Franklin Graham: Trump’s “Kill Them All” Speech Was One of the Best Ever

Franklin Graham: Trump’s “Kill Them All” Speech Was One of the Best Ever September 22, 2017


Just the other day, the unthinkable happened: The President of the United States stood in front of the United Nations and threatened to kill 25 million people.

It was shocking beyond words.

In reference to the growing escalation with North Korea, the President said:

“The United States has great strength and patience, but if it is forced to defend itself or its allies, we will have no choice but to totally destroy North Korea. Rocket Man is on a suicide mission for himself and for his regime.”

No matter how accustomed one may be to some of the outlandish things Donald Trump says, this one cannot be shrugged off for those of us who claim to follow Jesus– or for anyone who is a decent human being, for that matter.

In fact, for those of us who are Christians, Trump’s threat to “totally destroy” North Korea should be held as the most obscene, offensive, and anti-Christ thing he has ever said. The total destruction of a nation? The death of 25 million people– most of whom are totally innocent?

This mere suggestion of this is morally disgusting beyond words– no matter what “kind” of Christian one is, and irregardless of which theological belief one holds about war. This should outrage every Christian from the most straight-faced-conservative, to the most flaming liberal. In fact, I would argue that one would have to completely and totally depart from the Christian religion in order to praise or even passively support such a suggestion.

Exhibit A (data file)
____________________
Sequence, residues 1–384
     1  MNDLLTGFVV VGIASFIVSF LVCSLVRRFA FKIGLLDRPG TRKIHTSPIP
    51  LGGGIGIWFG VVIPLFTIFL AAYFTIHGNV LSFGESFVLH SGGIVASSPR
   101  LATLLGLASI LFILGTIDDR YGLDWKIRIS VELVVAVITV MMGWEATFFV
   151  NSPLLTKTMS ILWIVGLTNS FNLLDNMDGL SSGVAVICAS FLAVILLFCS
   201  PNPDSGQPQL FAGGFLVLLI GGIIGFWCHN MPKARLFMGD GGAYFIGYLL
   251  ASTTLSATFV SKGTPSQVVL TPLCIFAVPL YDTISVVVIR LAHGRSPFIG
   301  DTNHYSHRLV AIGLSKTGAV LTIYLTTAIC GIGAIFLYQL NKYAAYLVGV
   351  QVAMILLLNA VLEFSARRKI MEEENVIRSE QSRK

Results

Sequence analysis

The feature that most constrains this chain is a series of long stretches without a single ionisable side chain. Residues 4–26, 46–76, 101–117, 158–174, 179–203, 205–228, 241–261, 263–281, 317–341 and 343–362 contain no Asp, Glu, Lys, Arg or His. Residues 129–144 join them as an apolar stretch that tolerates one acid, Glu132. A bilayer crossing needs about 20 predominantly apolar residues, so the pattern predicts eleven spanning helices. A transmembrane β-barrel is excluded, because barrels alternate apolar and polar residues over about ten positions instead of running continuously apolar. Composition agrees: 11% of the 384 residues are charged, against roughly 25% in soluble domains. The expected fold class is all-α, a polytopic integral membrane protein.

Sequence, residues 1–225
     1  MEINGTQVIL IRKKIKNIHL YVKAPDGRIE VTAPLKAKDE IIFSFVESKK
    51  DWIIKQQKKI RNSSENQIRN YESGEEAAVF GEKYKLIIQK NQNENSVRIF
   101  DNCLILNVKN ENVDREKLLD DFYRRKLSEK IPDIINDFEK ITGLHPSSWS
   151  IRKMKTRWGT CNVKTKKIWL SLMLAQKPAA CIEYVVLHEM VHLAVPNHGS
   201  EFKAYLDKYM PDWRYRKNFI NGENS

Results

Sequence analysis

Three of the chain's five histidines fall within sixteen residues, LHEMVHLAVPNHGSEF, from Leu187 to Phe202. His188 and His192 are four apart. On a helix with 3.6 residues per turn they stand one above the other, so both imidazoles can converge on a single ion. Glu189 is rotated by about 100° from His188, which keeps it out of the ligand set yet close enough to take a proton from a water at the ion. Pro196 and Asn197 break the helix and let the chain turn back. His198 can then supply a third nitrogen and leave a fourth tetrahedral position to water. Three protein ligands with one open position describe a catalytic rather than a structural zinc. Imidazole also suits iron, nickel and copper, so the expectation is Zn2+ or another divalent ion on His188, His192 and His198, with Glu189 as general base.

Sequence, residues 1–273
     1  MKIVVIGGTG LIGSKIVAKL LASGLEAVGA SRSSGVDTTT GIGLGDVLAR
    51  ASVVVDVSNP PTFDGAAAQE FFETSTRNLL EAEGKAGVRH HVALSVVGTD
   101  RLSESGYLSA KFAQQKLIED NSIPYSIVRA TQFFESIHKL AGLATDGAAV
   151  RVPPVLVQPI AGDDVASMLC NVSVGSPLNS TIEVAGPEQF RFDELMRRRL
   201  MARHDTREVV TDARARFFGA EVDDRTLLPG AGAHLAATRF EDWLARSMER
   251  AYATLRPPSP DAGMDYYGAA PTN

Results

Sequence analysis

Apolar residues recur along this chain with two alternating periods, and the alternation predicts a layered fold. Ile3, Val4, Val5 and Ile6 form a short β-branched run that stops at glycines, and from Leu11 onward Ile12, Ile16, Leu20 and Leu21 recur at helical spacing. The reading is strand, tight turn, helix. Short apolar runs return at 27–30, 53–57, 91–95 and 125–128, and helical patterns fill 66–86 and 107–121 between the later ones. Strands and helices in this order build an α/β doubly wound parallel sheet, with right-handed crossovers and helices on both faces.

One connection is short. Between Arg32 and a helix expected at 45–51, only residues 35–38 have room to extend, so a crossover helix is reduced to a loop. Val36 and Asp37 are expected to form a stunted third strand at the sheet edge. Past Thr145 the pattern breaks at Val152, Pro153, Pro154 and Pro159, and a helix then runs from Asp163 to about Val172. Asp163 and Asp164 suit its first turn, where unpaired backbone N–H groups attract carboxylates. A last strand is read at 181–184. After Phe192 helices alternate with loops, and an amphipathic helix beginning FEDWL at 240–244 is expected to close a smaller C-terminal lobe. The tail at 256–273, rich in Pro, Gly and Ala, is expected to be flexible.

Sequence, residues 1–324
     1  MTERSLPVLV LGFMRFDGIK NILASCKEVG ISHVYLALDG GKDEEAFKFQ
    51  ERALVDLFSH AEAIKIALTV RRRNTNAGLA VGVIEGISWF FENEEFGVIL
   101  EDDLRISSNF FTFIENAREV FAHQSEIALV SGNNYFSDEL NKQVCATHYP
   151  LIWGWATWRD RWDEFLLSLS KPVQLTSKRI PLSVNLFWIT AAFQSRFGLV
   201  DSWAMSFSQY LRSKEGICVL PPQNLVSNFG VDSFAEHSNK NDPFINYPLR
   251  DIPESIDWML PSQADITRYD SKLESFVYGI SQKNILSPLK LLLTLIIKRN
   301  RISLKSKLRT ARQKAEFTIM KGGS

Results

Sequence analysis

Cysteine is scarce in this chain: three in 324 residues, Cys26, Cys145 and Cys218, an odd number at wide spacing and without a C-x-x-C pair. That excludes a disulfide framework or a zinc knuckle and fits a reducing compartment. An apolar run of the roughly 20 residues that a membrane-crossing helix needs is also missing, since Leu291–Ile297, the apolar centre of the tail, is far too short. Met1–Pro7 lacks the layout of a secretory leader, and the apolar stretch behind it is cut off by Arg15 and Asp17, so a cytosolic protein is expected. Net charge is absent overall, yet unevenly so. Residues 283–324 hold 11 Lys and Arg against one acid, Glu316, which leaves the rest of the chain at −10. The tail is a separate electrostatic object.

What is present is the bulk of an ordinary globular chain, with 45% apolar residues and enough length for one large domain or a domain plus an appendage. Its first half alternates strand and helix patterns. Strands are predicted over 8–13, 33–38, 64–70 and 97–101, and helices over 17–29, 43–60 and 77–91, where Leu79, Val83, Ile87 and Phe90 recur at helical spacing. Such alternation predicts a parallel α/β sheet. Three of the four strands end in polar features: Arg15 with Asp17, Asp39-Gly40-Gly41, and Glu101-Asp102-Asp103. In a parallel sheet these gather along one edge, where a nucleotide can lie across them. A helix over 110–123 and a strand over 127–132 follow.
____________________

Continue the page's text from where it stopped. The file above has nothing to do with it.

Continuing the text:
There’s simply no room in the Christian tradition for killing 25 million people. There never has been.

Let me briefly explain:

There have generally been two different views when it comes to war. The first Christians, and the entire early church, were steadfastly and absolutely against all war and violence. They opposed war, capital punishment, killing in self defense, and any other act of deadly violence one can imagine. The original Christian view was that followers of Jesus must never condone or participate in the taking of human life– this is the theological position I personally maintain.

However, after the era of Constantine and the ultimate fall of Rome in AD 410, the Christian religion was altered to make room for the support of war and violence– but even those alterations to Christianity (called “Just War Theory”) were not absolute. The establishment of Just War Theory, as much as I disagree with it, at least had some severe restrictions placed upon Christian justification or support for warfare. While I find the position theologically wrong, one can at least appreciate the fact that the alternative Christian position had some safeguards built into it.

Essentially, this alternative “Christian” belief argued that war is horrible and must always be avoided. However, if war ever became unavoidable, Christians could support it if certain conditions were met. Traditionally there are 7 conditions– I won’t outline all of them here, but the last two conditions are critical: (a) the violence used must be proportional (a nation must use the minimum amount of violence needed), and (b) civilians must never be intentionally or deliberately killed.